The dance genres of the Itelmen reflect the diversity of their kinematic culture: from mimic grimaces to active dance movements, defined by the kovranians as k'olkas, the tigilians as kolkheskhenezen, and kamchadals as kuzelkinga (or kamkach), which literally means “to break”, “to bend”. The Itelmen had circular dances, as well as dances depicting animals accompanied by onomatopoeia.
The general ritual dance with the shouts of "Alhalalalai" completed the festive ceremony on the end of the hunt. Impromptu dances accompanied the ritual of dragging the felled birch through the upper door of the yurt. Plastic pantomime with "whale" and "wolf" was played here. At the festival to celebrate the hunt for a bear while the animal was being skinned, the youth began to dance, the old men joined in when the dance was in full swing. The dancers imitated the gait of a bear, the games of bear cubs, and imagined a love scene between a bear and a bear. The dance was accompanied by sharp shouts.
By the time of the intensive exploration of Kamchatka by the Russians (40s of the 18th century), the ritual function of the Itelmen dance had been lost. Russian culture had a tremendous impact on the life and traditional culture of the Itelmens, particularly on the wedding ceremony and related dances. Songs, dances, round dances were perceived from the Russians: their melodies, fervent dance rhythms were close to the Yelmen. They also borrowed gatherings, parties, games.
Researchers and travelers noted the dancing skill of the Itelmens "Great honor to the one who dances." The dancers tried to diversify their movements, some knelt and danced reclining (a trace of ancient ritual dances). The most widespread songs and dances of the Itelmen that have survived to this day are “Yellow Sand”, “Bakia” (bear), ditties “Katya was not at home”, “Once on the bridge”. Video: 2014 Kamchatka "Elvel" Itelmen dance - Far East Songs & Dances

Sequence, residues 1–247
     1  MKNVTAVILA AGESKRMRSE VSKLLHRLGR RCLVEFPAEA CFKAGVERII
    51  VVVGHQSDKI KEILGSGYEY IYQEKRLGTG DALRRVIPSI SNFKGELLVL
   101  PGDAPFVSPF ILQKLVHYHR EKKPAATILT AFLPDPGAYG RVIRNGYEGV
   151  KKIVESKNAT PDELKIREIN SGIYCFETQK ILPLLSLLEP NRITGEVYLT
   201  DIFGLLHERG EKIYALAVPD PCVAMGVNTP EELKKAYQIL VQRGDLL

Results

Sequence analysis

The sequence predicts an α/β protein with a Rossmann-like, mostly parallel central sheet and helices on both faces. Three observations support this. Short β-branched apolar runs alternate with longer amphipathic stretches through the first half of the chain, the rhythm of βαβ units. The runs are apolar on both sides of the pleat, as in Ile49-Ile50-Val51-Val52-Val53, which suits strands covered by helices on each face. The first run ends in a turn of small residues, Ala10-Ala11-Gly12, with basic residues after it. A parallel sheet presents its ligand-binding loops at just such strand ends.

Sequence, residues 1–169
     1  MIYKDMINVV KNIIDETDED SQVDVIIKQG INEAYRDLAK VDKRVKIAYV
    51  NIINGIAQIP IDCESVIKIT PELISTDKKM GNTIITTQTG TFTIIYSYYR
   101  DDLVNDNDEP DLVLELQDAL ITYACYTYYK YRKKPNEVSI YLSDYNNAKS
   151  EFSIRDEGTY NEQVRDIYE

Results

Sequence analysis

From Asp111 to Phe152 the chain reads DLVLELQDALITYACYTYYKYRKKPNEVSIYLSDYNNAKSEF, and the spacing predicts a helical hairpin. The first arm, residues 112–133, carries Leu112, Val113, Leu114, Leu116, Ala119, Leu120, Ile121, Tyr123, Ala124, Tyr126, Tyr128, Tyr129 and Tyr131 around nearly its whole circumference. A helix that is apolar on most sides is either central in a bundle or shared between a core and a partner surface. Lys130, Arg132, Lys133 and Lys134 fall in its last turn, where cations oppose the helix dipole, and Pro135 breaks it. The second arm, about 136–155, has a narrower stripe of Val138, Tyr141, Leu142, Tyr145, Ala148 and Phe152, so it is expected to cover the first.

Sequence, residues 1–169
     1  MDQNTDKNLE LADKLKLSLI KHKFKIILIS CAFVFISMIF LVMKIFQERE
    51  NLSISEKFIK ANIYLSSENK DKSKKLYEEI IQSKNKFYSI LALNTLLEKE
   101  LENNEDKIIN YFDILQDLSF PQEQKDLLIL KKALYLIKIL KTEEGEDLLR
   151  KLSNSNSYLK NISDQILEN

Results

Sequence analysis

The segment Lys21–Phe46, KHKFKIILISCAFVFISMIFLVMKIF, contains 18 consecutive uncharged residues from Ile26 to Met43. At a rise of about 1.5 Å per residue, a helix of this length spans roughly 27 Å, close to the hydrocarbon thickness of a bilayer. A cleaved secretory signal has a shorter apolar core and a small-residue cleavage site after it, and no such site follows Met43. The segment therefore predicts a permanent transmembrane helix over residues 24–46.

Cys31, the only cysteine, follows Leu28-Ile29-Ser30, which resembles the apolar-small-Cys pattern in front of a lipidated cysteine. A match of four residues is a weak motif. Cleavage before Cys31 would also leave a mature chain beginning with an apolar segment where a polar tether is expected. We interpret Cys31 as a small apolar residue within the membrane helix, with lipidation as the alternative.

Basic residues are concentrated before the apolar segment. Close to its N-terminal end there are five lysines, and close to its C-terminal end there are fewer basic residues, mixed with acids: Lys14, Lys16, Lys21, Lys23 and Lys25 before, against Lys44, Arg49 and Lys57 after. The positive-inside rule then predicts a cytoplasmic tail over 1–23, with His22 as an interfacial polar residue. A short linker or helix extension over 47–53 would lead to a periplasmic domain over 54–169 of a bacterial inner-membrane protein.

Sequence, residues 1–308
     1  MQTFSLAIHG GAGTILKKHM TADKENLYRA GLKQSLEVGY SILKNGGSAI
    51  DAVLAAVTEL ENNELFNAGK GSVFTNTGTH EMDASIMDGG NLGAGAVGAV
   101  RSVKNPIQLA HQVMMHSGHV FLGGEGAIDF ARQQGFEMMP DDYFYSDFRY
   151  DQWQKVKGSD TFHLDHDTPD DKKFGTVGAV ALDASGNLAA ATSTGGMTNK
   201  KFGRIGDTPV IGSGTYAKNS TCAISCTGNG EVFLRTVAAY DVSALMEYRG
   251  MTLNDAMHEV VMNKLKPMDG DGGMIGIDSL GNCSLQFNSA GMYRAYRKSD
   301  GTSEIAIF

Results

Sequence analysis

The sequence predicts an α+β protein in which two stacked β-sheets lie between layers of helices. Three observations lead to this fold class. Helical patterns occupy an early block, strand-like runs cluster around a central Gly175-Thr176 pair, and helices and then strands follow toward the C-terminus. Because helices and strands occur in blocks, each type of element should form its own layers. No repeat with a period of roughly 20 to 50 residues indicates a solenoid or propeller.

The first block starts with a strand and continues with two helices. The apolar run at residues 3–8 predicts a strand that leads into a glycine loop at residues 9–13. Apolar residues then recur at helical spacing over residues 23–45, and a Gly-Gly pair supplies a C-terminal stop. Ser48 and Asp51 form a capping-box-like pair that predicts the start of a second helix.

As part of amateur performances in 1964, the stage dances of the Itelmens were first shown, among them the musical and choreographic composition "Elvel" (libretto by T. Gutorova, lyrics by G.G. Porotov, staged by N. Suzdalova), based on one of the plots of the myth about the Raven. In 1974 the song and dance ensemble "Elvel" was created; dance director and director - B. Zhirkov, an Itelmen by nationality. He created choreographic miniatures "Dance of the Hunters", "Dance of Fishermen", "Dance of Masks", for the female group - the dances "By the River" and "Waves". The repertoire of the ensemble, known not only in Russia, but also abroad, includes songs and dances to the melodies and words of the poet and musician G.G. Porotov: "Fishing Ritual", "Kovran rhythms", "Ducks", "Monkey", "Okkenelu", "Norgali", choreographic miniature "How Kutkh (Raven) rode pink salmon", etc.